- a furniture brand uses a bot to generate 80% of their sales
However, just because B2C brands are now overtaking B2B brands in chatbot adoption doesn't mean that B2B brands no longer use bots. About 40% of the 41,000 brands in our analysis that use chatbots are B2B. It's more likely that the growth rate of chatbot usage in B2C brands has surpassed that of B2B brands, rather than bot adoption declining for B2B.
There are also plenty of interesting case studies detailing how B2B brands use chatbots. Hubspot is one great example of a B2B company using bots to drive sales and increase lead volume. Their bot finds out where users are in the funnel, and then sends them to a free tool to solve whatever issue they're facing. This tactic adds value, increases brand authority and trust, and can actually upsell the user from the free plan to a paid plan. The best part: It's all done by the bot on autopilot—no human intervention required.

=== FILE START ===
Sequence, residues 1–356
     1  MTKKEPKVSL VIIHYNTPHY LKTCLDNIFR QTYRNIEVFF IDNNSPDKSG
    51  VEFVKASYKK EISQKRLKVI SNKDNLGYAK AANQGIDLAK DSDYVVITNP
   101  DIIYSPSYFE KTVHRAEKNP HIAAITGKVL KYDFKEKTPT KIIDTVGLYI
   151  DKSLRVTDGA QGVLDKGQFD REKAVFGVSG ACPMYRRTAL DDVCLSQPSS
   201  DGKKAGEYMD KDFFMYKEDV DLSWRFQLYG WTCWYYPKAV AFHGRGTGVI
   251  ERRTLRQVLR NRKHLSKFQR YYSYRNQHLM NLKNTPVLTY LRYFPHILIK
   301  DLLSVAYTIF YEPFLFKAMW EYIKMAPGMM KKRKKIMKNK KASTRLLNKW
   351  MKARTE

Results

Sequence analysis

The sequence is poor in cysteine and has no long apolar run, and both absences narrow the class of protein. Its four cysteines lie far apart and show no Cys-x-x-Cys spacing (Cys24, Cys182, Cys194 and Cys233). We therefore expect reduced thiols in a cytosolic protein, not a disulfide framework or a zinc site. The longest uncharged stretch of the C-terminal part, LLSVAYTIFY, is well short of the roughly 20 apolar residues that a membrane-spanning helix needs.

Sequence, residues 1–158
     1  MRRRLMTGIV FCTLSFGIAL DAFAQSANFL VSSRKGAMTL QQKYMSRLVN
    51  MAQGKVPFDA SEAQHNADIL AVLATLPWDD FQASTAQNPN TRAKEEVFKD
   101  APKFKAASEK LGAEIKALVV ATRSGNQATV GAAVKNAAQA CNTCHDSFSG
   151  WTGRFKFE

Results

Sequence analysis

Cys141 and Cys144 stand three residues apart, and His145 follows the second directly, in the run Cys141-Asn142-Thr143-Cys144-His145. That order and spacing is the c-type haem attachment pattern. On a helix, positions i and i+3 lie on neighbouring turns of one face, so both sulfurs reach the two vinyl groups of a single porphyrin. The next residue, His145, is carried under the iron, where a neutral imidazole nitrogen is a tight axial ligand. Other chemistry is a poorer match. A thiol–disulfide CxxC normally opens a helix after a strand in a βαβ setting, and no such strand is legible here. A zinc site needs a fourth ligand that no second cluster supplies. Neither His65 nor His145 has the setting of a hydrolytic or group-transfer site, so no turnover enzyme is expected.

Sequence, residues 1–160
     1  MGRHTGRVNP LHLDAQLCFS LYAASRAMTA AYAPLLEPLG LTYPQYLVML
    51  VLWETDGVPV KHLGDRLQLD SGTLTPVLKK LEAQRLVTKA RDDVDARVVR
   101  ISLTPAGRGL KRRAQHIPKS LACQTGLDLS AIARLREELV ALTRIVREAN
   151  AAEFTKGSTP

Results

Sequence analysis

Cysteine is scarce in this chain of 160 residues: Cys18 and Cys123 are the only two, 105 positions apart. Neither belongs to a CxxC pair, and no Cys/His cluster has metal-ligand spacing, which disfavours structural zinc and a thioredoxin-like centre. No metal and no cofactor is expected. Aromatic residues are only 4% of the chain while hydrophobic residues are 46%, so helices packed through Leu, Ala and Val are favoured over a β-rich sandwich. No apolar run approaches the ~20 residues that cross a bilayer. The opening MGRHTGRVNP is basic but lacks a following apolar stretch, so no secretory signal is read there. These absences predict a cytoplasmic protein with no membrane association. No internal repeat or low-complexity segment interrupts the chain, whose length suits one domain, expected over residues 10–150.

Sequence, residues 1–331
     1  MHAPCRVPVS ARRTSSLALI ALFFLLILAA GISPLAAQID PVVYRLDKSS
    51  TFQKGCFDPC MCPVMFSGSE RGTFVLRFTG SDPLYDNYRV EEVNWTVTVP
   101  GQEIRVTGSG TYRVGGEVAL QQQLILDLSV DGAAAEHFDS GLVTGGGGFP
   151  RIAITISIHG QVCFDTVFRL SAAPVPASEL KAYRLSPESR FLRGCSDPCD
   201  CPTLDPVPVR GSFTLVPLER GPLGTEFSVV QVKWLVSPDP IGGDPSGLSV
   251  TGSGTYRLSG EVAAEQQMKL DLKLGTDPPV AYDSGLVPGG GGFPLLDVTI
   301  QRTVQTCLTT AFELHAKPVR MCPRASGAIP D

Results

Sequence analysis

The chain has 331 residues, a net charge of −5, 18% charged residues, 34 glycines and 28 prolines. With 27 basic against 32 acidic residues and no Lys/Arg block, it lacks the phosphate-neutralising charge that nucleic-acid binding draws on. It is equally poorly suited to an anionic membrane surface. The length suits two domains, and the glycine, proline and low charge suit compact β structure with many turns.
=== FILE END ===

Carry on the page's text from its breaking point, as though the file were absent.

🔮 What this means for the future: Chatbots clearly provide both B2B and B2C companies with plenty of opportunities to engage customers, automate support, increase sales and more. Expect to see even more brands of both types adopting bots in 2021.
#3. IT software is the leading industry for chatbot adoption. 💻
While chatbots are being adopted by businesses across more and more industries, 38.9% of bot-using brands in our analysis are part of the IT software and services sector. It may seem unsurprising, since businesses in this industry are obviously tech-savvy. But in fact, technological know-how is no longer a requirement for building effective chatbots. No-code software like Chatfuel empowers anyone to build a bot—no coding knowledge or experience necessary.